« Reply #6 on: March 03, 2016, 07:27:17 PM »
Fresh squeezed lime into the secondary.  Add to taste.  It's better to start with a sweeter base mead as the acidity of the limes will dry out the perception. 
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Online hopfenundmalz

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Re: Citrus in meads
« Reply #7 on: March 05, 2016, 03:56:50 PM »
Ken Schramm made a pineapple mead for one of the conference presentations that was so good. Lots of pineapple.
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Offline mchrispen

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Re: Citrus in meads
« Reply #8 on: March 05, 2016, 06:54:44 PM »
OK the results are pretty clear. Reminder: 2 x 200 ml samples. One sample got the zest of one small lime. The other got the juice from that lime.


These were clearly overdoses for 200 ml. You would want to workout some possible ration for your batch size, but I would guess that depending on the intensity of the lime fruit - 1 -2 limes to gallon would be a good starting point. If I recall, the lime yielded 25 mg of zest, and about a tablespoon of juice.


I filtered both samples through a coffee filter and sampled at room temperature.


The Juiced sample was awful. Clarity and color shifted with the additional acid from the juice. There was very low to no lime aromas - keeping the light orange blossom honey character. The flavors went very sharp and acidic, almost astringent. The acidic aftertaste was very long and pretty unpalatable. Maybe with just a much smaller fraction of the juice some complexity and acid balance could be preserved. Perhaps using the juice in the primary, but you would need to buffer that acid - or expect a very long maturation process.


The Zest sample was pungent and smelled of fresh zest turned to 11, overpowering the honey character. The clarity and color of the traditional mead remained unchanged, while the zest went from dark green to a grey (much like lemon zest in limoncello). The flavor added a low bitterness that might be considered astringent, but maybe perceived as a spice note. Otherwise, this was pretty close to the original orange blossom dry mead, with a little additional perceived sweetness, which maybe a trick of the retronasal. This was drinkable, but barely. Very intense lime smell is overwhelming.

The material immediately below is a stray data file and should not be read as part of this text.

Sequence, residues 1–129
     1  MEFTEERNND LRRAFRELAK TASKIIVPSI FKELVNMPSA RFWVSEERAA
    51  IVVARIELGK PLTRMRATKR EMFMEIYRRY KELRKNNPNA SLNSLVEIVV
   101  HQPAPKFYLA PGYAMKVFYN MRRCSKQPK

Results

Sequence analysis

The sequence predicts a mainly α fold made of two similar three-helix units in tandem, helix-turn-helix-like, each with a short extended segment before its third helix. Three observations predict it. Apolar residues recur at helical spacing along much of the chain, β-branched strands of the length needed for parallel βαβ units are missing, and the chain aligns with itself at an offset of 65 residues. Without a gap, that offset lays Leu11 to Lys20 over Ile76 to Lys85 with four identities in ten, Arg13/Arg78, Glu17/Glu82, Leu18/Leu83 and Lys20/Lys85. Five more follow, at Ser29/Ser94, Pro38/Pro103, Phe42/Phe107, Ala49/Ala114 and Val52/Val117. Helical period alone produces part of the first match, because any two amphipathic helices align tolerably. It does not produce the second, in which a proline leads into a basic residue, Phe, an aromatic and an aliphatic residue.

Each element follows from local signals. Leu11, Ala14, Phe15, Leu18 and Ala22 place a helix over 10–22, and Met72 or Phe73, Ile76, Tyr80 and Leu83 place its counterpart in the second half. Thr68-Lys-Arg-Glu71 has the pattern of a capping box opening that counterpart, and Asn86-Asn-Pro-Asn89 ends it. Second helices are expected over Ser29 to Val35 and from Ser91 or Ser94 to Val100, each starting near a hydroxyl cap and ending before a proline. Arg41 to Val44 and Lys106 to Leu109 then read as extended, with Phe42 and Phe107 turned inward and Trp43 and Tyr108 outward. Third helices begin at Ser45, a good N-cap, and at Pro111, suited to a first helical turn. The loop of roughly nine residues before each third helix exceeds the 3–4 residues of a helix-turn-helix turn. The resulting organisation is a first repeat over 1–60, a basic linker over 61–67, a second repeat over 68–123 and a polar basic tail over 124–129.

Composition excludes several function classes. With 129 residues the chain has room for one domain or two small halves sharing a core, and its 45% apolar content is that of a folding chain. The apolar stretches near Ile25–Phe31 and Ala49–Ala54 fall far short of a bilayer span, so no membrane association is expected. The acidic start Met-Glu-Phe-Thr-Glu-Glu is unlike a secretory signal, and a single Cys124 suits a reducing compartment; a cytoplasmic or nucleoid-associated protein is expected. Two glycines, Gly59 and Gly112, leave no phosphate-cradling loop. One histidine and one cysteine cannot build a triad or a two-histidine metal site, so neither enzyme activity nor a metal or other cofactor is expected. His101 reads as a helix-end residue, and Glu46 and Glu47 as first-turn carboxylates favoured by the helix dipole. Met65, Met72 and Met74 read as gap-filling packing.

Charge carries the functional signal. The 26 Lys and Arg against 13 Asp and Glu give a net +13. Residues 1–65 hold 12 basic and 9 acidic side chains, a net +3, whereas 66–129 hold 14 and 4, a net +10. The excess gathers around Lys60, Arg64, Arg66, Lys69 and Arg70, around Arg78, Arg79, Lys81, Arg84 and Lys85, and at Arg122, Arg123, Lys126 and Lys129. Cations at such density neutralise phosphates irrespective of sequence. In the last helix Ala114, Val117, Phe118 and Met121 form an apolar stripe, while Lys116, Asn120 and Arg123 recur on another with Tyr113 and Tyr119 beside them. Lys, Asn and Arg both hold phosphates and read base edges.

Here are a couple of pictures:









Offline erockrph

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Re: Citrus in meads
« Reply #9 on: March 06, 2016, 05:08:54 AM »
Thanks, Matt! I wonder what the same meads would taste like in the 1.015-1.020 range. I imagine you need quite a bit of sweetness to balance out the lime.

So, maybe I could use the juice in primary with some potassium bicarbonate added as a buffer. Then maybe I'll add zest to half in secondary, and taste. I can then blend the lime down with the unzested half if I overshoot. If I need to adjust the acid, I could always use a few of those True Lime packets.

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Offline erockrph

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Re: Citrus in meads
« Reply #10 on: March 06, 2016, 05:26:22 AM »
One more thought - I might take some photos and gravity readings on something like Simply Limeade just to have a frame of reference.

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Offline mchrispen

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Re: Citrus in meads
« Reply #11 on: March 06, 2016, 06:11:58 AM »
I thought about back sweetening, but the Juice threw off my stomach. There was enough sweetness in the zest, but the intensity of aroma left me confused how to proceed. Those doses in 1 gallon makes more sense.

I think your plan makes a lot of sense if you can control the acid sufficiently.

Cheers!

Offline Scot (one T)

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Re: Citrus in meads
« Reply #12 on: March 07, 2016, 03:45:09 PM »
You need a fairly sweet mead to balance the acidity of the limes.  I used juice squeezed from limes added to the secondary.  Won BOS at Kansas City and 2nd BOS in Milwaukee.  It cleared to brilliant using SuperKleer.